Red, White, and Spooked: The Supernatural in American Culture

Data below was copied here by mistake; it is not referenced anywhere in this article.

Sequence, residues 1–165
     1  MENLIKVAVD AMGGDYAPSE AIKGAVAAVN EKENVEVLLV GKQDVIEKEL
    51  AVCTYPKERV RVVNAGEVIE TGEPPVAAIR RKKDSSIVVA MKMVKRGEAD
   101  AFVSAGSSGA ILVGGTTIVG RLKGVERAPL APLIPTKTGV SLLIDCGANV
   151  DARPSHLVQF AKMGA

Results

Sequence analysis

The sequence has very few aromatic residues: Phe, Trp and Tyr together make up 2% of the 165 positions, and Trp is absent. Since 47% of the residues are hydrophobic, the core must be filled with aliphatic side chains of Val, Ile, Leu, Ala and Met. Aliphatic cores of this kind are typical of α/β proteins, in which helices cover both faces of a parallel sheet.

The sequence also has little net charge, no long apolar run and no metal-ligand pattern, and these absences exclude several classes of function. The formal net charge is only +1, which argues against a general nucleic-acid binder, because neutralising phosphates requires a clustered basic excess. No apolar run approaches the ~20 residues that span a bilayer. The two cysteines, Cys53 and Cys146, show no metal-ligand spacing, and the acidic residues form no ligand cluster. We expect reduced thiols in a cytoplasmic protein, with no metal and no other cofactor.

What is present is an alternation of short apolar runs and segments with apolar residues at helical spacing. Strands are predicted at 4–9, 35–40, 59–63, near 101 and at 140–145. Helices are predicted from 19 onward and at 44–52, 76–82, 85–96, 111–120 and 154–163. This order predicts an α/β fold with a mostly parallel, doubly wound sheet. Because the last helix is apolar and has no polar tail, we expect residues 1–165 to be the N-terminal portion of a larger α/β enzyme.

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America has always attempted to define itself through a network of invented myths and national narratives. Historically, this national mythmaking has focused on the building of the nation itself as a sort of grand adventure, as in the notion of manifest destiny, or the taming of the western frontier. This project has also naturally led to a focus on individual heroes, often playing the role of savior and redeemer in ways with clear religious resonances: Christ and Shane and Superman, for instance, all share key characteristics. At the same time, these superheroes have often been adolescents, designed to appeal to younger audiences as well. Other hero myths have been more down-to-earth, focusing on heroes who fight against evil, but in a more modest way, as in the case of the hardboiled detective. Red, White, and Spooked details the development of our national myths in an effort to try and see what these fantasies can reveal about what it means to be American today, and what we want it to mean. Beginning with John Winthrop's city upon a hill sermon in 1630, American culture has been informed by a sense of its own exceptional nature. The notion of the Western hemisphere as a new world, a place filled with possibility and even magic, goes back to the initial voyages of Columbus, while the American Revolution gave even more impetus to the idea that the United States was a special place with a unique mission. As a result, America has always attempted to define itself through a network of invented myths and national narratives. Red, White, and Spooked details the development of our national myths which can be seen underlying the genres of country and film noir, the characters of Superman, Batman, and Spiderman, television hits like Deadwood and NYPD Blue, and the Pirates of the Caribbean and Lord of the Rings franchises as well. This culture-spanning investigation begins with a historical survey of supernatural and superhuman themes in American culture, concluding with the recent upsurge that began in the 1990s. It then turns to a number of thematic chapters that discuss various works of recent popular culture with supernatural and superhuman themes - such as The X-Files, Smallville, The 4400, Medium, Heroes, Lost, and The Dead Zone - organized according to the desires to which these works commonly respond. The object here is to try and see what these fantasies can reveal about what it means to be American today, and what we still want it to mean.